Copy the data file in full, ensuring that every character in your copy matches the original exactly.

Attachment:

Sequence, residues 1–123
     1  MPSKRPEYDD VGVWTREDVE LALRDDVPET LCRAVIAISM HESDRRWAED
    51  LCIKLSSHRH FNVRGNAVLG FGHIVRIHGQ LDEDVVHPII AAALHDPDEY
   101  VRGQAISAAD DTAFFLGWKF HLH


Sequence, residues 1–123
     1  MPSKRPEYDD VGVWTREDVE LALRDDVPET LCRAVIAISM HESDRRWAED
    51  LCIKLSSHRH FNVRGNAVLG FGHIVRIHGQ LDEDVVHPII AAALHDPDEY
   101  VRGQAISAAD DTAFFLGWKF HLH